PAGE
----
CLOUDETTE

Lichtenheld takes a charming turn with the "tiny but mighty" theme. Cloudette usually enjoys being small—she can cavort with birds and kites, and hide between skyscrapers. But she’s wistful when other clouds do big things, like create cold fronts and water crops. Her imagination yields lots of wishes, depicted in ink-and-watercolor spot illustrations. “[S]he thought nothing would be more fun than giving some kids a day off from school,” accompanies a snowscape with banks billowing up to the windows of the school and buses clearly going nowhere. No one seems to need a little cloud, but when she’s blown clear out of her neighborhood, she’s welcomed by new friends—an eagle, a bear and fluffy cumuli. She spies a frog in a former pond, now just a puddle of cracked mud, and has a helpful “brainstorm.” Lichtenheld’s depictions of Cloudette puffing herself up for a fulsome downpour will delight children, and funny turns of phrase (“Even the higher-ups were impressed”) will engage adults, too. The whimsy would nicely complement a preschool or primary weather unit. The author even uses rainwater for the watercolor pictures. (“Thank you, clouds,” he writes in the media statement.) Sweet and sunny. (Picture book. 3-7)

Pub Date: March 1, 2011

ISBN: 978-0-8050-8776-5

Page Count: 40

Publisher: Christy Ottaviano/Henry Holt

Review Posted Online: Feb. 10, 2011

Kirkus Reviews Issue: Feb. 15, 2011

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A solid, small step for diversifying STEM stories.

ASTRONAUT ANNIE

What does Annie want to be?

As career day approaches, Annie wants to keep her job choice secret until her family sees her presentation at school. Readers will figure it out, however, through the title and clues Tadgell incorporates into the illustrations. Family members make guesses about her ambitions that are tied to their own passions, although her brother watches as she completes her costume in a bedroom with a Mae Jemison poster, starry décor, and a telescope. There’s a celebratory mood at the culminating presentation, where Annie says she wants to “soar high through the air” like her basketball-playing mother, “explore faraway places” like her hiker dad, and “be brave and bold” like her baker grandmother (this feels forced, but oven mitts are part of her astronaut costume) so “the whole world will hear my exciting stories” like her reporter grandfather. Annie jumps off a chair to “BLAST OFF” in a small illustration superimposed on a larger picture depicting her floating in space with a reddish ground below. It’s unclear if Annie imagines this scene or if it’s her future-self exploring Mars, but either scenario fits the aspirational story. Backmatter provides further reading suggestions and information about the moon and four women astronauts, one of whom is Jemison. Annie and her family are all black.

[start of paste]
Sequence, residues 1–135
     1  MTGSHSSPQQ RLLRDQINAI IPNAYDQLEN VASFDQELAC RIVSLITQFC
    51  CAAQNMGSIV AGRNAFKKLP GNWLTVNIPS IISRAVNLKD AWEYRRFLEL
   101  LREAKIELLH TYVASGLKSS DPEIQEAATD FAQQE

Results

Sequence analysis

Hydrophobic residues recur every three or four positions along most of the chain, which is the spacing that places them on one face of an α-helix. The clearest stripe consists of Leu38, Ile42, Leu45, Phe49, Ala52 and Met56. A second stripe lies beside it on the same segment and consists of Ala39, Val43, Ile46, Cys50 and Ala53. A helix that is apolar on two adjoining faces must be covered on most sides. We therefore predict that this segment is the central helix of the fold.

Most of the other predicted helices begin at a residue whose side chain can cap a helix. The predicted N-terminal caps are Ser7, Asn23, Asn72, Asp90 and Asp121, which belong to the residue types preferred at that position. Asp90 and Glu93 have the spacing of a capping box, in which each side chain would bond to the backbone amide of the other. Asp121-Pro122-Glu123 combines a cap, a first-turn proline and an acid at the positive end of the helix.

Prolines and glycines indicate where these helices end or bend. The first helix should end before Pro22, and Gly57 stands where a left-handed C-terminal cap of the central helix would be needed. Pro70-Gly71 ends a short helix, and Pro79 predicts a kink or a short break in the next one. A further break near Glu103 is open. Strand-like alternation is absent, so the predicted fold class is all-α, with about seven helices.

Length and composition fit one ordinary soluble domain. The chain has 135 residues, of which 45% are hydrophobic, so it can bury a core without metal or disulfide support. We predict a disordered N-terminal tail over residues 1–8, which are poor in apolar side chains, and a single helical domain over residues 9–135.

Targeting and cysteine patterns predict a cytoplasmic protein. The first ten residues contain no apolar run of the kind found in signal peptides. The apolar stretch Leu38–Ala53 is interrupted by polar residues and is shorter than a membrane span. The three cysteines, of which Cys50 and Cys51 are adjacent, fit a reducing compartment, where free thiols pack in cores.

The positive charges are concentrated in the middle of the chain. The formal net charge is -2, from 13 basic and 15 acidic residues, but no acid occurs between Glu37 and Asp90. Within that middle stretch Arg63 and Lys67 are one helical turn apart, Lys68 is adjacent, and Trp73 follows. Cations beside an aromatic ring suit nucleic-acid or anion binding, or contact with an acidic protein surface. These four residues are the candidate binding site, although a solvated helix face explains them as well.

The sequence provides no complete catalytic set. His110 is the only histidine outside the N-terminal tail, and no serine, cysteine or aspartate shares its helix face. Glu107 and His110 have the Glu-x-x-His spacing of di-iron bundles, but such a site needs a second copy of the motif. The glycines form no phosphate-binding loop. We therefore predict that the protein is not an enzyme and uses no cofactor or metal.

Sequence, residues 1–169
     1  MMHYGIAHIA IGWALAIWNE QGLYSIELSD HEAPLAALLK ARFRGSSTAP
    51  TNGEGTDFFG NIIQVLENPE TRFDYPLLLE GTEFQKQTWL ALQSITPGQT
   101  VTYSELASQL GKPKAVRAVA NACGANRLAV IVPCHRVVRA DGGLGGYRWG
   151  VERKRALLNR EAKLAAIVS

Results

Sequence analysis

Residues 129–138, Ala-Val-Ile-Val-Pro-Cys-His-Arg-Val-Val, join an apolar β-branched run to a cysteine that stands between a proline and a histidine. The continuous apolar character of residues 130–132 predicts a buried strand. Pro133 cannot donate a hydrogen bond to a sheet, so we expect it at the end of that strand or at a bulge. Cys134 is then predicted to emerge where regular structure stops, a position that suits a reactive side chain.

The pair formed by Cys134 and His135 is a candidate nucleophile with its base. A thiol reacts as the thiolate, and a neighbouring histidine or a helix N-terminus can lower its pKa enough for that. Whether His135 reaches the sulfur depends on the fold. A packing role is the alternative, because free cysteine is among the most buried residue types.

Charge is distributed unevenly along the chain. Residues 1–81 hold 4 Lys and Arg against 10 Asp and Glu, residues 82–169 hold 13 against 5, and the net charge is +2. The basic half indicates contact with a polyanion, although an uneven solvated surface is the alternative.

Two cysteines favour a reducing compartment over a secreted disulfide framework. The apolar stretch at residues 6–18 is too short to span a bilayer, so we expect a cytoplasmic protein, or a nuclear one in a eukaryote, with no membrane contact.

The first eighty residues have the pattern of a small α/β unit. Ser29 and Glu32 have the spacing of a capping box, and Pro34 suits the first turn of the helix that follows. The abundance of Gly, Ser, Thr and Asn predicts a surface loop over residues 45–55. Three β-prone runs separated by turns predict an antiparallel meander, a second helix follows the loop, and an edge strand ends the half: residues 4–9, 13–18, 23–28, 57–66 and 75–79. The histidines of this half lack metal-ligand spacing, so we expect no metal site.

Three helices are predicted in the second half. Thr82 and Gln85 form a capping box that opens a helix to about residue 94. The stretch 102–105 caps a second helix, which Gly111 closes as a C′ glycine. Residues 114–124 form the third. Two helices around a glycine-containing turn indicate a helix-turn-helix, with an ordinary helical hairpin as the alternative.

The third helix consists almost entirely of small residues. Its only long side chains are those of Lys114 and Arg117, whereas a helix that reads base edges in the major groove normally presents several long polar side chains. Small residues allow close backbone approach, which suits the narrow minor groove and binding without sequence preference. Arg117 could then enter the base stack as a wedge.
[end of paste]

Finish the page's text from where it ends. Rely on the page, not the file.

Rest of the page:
A solid, small step for diversifying STEM stories. (Picture book. 4-7)

Pub Date: March 6, 2018

ISBN: 978-0-88448-523-0

Page Count: 36

Publisher: Tilbury House

Review Posted Online: Feb. 4, 2018

Kirkus Reviews Issue: Feb. 15, 2018

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Sure to assuage the fears of all astronauts bound for similar missions.

PLANET KINDERGARTEN

A genius way to ease kids into the new adventure that is kindergarten.

In an imaginative ruse that’s maintained through the whole book, a young astronaut prepares for his mission to Planet Kindergarten. On liftoff day (a space shuttle–themed calendar counts down the days; a stopwatch, the minutes), the small family boards their rocket ship (depicted in the illustrations as the family car), and “the boosters fire.” They orbit base camp while looking for a docking place. “I am assigned to my commander, capsule, and crewmates.” Though he’s afraid, he stands tall and is brave (not just once, either—the escape hatch beckons, but NASA’s saying gets him through: “FAILURE IS NOT AN OPTION”). Parents will certainly chuckle along with this one, but kindergarten teachers’ stomach muscles will ache: “[G]ravity works differently here. We have to try hard to stay in our seats. And our hands go up a lot.” Prigmore’s digital illustrations are the perfect complement to the tongue-in-cheek text. Bold colors, sharp lines and a retro-space style play up the theme. The intrepid explorer’s crewmates are a motley assortment of “aliens”—among them are a kid in a hoodie with the laces pulled so tight that only a nose and mouth are visible; a plump kid with a bluish cast to his skin; and a pinkish girl with a toothpick-thin neck and huge bug eyes.

Sure to assuage the fears of all astronauts bound for similar missions. (Picture book. 3-7)

Pub Date: May 20, 2014

ISBN: 978-1-4521-1893-2

Page Count: 40

Publisher: Chronicle Books

Review Posted Online: May 14, 2014

Kirkus Reviews Issue: June 1, 2014

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